It’s hard to believe, but in 2016 there is no law at the federal level explicitly protecting gay, lesbian, bisexual or transgender people from workplace discrimination. However, there is some indication that this may be beginning to change at the federal level, complementing an Illinois law that has protected employment rights of the LGBT community for the past decade.
With no federal protections in place for LGBT employees, the EEOC has been working with the laws already on the books to bring employment discrimination actions against employers who discriminate based on sexual orientation. In March 2016, the EEOC brought its first two actions under Title VII of the Civil Rights Act, alleging sexual discrimination based on sexual orientation.
While Title VII was implemented to protect employees from discrimination based on their sex, the EEOC’s new interpretation of the law is that it is a violation of Title VII’s protections to discriminate based on sexual orientation because it does not conform with an employer’s expectations of how members of a certain gender should act. In the two new EEOC cases, one brought by a gay man in Pennsylvania, and the other brought be a lesbian woman in Maryland, the plaintiffs allege they were forced from their jobs after numerous anti-gay comments were made by supervisors. Whether or not this theory put forth by the EEOC holds up as a proper use of Title VII will need to be determined by the courts.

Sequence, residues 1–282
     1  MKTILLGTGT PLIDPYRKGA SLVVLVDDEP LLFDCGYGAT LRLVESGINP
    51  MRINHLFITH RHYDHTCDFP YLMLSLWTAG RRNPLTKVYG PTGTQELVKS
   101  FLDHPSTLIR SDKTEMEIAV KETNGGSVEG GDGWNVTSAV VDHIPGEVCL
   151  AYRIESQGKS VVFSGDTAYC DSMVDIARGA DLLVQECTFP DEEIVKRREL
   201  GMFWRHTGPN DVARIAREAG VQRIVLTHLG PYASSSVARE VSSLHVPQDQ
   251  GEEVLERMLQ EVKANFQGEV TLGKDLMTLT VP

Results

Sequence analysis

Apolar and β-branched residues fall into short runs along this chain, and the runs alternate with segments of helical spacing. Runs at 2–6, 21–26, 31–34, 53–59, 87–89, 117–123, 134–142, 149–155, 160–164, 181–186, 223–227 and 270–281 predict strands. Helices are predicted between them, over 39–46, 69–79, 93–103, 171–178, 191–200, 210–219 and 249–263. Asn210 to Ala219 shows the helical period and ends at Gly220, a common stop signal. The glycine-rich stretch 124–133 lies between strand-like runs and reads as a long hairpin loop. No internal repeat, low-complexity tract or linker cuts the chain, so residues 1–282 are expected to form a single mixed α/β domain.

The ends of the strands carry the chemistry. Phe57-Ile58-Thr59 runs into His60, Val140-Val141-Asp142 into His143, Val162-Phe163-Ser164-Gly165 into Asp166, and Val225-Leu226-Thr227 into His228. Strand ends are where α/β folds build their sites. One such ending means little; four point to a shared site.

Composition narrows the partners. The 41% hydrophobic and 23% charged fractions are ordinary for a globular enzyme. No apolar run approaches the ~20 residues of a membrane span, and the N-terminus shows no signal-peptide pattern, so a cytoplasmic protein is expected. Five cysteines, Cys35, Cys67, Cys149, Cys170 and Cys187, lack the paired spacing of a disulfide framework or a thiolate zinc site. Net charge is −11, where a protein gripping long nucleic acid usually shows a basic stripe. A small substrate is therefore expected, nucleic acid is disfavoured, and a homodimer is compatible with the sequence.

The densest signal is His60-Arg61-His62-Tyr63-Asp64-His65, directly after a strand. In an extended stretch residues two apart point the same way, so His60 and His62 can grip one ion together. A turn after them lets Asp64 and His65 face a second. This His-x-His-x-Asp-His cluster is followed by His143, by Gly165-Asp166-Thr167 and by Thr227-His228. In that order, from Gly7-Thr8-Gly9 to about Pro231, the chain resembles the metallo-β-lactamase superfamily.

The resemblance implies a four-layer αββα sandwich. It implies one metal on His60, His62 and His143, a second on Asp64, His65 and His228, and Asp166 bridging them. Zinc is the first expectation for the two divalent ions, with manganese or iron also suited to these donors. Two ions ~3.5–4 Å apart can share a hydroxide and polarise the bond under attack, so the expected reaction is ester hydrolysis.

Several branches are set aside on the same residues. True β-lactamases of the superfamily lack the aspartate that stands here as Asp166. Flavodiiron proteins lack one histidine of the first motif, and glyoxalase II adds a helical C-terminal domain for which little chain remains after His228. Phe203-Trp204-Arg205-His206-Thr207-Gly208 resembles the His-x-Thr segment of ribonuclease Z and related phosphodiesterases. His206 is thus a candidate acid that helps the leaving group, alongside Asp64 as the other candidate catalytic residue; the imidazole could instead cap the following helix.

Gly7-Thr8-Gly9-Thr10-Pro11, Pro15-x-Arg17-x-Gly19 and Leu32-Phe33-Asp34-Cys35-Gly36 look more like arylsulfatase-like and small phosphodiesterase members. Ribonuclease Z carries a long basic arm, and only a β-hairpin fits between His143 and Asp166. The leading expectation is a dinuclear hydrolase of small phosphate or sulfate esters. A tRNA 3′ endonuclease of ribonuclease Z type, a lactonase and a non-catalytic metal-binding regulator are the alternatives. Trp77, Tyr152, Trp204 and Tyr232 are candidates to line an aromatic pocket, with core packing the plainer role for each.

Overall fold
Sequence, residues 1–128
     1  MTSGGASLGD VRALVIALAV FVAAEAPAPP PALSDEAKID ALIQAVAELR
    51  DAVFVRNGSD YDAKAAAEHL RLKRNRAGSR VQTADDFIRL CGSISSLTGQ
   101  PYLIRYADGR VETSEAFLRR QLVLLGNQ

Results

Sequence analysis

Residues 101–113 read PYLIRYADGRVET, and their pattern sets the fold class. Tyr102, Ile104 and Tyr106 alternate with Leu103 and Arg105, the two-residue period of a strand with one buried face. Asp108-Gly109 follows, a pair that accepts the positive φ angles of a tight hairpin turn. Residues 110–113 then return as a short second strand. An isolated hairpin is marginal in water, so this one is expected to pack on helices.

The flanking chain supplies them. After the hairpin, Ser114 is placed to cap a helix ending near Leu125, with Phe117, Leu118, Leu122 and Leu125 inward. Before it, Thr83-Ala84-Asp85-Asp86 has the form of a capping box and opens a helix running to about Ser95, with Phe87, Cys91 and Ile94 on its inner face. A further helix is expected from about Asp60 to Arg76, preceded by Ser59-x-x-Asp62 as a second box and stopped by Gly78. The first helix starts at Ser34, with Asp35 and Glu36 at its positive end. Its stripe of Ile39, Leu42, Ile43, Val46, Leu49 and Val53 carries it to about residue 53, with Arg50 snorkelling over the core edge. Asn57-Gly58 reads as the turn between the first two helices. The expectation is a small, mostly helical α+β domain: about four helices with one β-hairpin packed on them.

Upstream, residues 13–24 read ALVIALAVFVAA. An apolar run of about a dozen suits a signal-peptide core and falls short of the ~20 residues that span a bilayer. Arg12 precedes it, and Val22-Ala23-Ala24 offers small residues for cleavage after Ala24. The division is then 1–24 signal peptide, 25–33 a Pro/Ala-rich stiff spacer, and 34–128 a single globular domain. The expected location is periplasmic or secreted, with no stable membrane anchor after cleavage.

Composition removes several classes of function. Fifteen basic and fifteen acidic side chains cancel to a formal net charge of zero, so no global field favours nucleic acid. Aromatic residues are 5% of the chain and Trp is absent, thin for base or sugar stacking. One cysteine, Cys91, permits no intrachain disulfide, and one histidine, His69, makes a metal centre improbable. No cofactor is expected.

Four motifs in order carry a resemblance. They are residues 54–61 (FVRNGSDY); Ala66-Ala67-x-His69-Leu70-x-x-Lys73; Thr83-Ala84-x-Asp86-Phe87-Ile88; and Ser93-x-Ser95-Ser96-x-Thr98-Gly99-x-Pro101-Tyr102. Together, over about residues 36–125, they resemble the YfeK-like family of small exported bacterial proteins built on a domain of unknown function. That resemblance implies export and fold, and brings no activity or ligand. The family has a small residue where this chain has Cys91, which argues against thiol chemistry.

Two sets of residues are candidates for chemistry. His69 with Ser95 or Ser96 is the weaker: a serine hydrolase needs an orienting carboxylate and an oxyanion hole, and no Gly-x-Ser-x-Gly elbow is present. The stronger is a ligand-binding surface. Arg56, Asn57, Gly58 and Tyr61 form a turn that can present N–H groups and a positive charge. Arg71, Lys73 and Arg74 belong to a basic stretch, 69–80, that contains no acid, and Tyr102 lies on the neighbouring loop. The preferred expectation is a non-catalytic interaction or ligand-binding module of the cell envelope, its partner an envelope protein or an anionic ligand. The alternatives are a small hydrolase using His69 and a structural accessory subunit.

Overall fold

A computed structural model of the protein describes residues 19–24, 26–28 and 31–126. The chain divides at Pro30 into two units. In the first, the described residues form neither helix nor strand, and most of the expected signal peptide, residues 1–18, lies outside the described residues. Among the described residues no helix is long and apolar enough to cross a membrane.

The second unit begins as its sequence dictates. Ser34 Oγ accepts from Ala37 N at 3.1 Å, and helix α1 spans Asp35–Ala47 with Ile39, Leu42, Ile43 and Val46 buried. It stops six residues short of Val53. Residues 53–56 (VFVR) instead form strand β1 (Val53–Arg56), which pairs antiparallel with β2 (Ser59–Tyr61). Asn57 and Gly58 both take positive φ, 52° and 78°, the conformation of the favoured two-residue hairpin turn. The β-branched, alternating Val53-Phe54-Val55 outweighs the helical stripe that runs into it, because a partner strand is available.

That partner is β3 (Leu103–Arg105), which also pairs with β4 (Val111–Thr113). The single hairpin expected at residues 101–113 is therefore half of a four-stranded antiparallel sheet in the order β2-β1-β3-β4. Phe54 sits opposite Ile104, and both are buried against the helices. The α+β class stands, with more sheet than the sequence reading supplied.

While the EEOC works to determine whether sexual orientation is a protected class under Title VII, Illinois residents enjoy protection from LGBT discrimination under the Illinois Human Rights Act. This law explicitly bans employment discrimination within the state based on either sexual orientation or gender identity. The EEOC’s efforts to now enforce protections for LGBT people in the workplace may actually have an unforeseen yet positive effect on lawsuits brought under the Illinois Human Rights Act.
Under Illinois law, a state lawsuit alleging discrimination based on sexual orientation must be brought within 180 days of the adverse employment action. But the time to bring an employment discrimination action under state law also depends on the statute of limitations under federal law. With the EEOC now bringing actions alleging discrimination based on sexual orientation, this means that state claims now have 300 days to be filed, the same as under federal law. And bringing a Title VII action for sexual discrimination with the state action now also means that an employee can recover punitive damages, which can significantly increase the amount of any award recovered in the case.
No one should lose their job because of who they are. If you believe you’ve been discriminated at your job because of your sexual orientation or gender identity, then you should speak with an experienced Roselle employment discrimination attorney. Contact the Law Office of Michael T. Smith today for a consultation.